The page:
is a very common situation for families who practice attachment parenting and nighttime parenting with their kids (like I do). Infants who are used to being nursed or snuggled to sleep are naturally going to want to continue to do so even after they are weaned from breastfeeding. This is often true until age 5 or 6 or even older. On the other hand, infants who are “trained” to fall asleep, and stay asleep, on their own often do not require a parent’s presence to go to sleep when they are three years old. It all goes back to how you decided to do things early on. I am not saying that either situation is right or wrong; I am just stating what is typical child behavior.
I have faced this exact same situation with my own kids. My wife and I chose to “parent” our kids to sleep from early on. This required one of us to lie down and snuggle with them while they fell asleep. This was my wife’s duty while they were still breastfeeding. When they were weaned, it became my job. I just snuggled in their bed with them while they fell asleep until they were about 5 years old. Then I began to sit on the floor next to their bed. I used a flashlight to read a book. It usually took about 30 to 45 minutes for my kids to fall asleep. Now that my kids are 5 and 8, I usually only stay in their room until the 5-year-old falls asleep (thankfully only 10 minutes or so), then I kiss my 8-year-old goodnight and leave. I come and check on him every 5 minutes or so until he falls asleep (which is usually right away).
I know this situation takes a time commitment on my part, and I am ok with that. I realize my kids are growing up fast, and soon they won’t need me in their room anymore to fall asleep. I probably could have weaned my kids of this need sooner, but I just decided not to.
Now, not everyone is ok with this time commitment. Many people can’t spend this half hour or so in their kids room every night. I know I had plenty of nights where I got frustrated with how long it was taking them to fall asleep. Sometimes I would fall asleep myself, then wake up groggy and grouchy.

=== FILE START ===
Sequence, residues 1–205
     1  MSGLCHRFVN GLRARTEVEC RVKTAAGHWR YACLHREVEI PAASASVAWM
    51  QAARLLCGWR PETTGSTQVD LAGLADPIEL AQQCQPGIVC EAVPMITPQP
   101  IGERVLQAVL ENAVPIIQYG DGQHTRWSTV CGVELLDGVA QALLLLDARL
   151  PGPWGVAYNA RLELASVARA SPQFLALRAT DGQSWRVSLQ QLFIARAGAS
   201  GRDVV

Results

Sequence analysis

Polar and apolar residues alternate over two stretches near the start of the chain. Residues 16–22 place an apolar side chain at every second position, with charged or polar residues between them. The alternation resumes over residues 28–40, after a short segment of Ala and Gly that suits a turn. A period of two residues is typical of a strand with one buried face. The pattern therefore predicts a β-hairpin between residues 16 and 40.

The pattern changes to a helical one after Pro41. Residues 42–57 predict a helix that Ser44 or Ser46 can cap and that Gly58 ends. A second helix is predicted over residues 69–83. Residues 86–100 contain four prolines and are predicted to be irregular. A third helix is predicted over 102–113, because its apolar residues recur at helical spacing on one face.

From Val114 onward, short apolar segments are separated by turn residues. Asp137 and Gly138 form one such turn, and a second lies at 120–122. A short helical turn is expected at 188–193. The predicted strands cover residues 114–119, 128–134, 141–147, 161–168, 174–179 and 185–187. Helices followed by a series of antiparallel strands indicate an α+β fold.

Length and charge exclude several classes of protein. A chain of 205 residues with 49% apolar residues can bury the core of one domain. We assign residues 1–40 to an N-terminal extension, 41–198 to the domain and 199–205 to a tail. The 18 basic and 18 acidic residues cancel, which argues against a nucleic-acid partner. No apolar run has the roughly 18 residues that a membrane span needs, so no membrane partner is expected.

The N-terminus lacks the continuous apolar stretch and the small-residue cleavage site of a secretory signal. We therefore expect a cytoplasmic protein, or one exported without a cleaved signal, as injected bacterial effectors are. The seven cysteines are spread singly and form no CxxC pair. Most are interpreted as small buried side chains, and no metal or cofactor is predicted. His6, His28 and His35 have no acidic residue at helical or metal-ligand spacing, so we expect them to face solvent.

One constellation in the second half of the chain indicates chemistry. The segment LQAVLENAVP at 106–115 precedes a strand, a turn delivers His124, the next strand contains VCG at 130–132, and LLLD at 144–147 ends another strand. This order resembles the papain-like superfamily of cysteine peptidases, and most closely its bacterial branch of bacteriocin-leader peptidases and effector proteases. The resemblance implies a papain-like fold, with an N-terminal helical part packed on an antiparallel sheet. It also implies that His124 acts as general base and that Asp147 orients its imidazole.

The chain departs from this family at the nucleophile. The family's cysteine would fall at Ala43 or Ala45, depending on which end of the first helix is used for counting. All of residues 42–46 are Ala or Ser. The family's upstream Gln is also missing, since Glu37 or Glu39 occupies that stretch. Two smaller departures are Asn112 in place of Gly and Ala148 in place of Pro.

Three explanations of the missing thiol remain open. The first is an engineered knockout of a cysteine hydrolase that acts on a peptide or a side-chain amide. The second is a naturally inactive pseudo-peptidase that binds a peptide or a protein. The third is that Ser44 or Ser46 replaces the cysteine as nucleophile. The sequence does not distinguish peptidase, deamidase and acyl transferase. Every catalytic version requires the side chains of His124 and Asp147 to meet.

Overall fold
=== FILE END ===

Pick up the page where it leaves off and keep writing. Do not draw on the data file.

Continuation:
So after having said all that, here is how you CAN try to wean your kids of this need and help them feel comfortable falling asleep on their own:
- Every child is different, so there is no one set age at which kids should be expected to fall asleep on their own. Use your own judgment for your kids.
- Start by no longer lying down in bed with your child. Sit or lay NEXT to the bed.
- A flashlight and good book can help you pass the time.
- Try reading bedtime stories with your child already tucked in and the lights down low. This will settle her down.
- Choose a time limit. Stay for perhaps five minutes or so, then kiss your child and reassure them you will be right back to check on her.
- Check on your child every so often by just stepping into the doorway. If your child looks up at you, quietly say, “daddy (or mommy) will be right back to check on you again.” If your child doesn’t look up, say nothing.
- You must sit down with your child during the daytime to discuss the new rules and routine. Do not just surprise her with it one night at bedtime.
- Discuss the new plan well ahead of time. Each night, remind her that soon mommy won’t be lying down with her at night, but mommy will check on her as she falls asleep. This way she can prepare for the change.
- Create a sticker chart reward system for each night she does well.
- If your child does not accept the new situation, and you are having a huge battle that you do not feel comfortable with, then go back to lying down with her for short a time. Try again in a couple months.
- Remember, there is no one age that this will be right for every child. Some may be ready at age 2, some at age 8.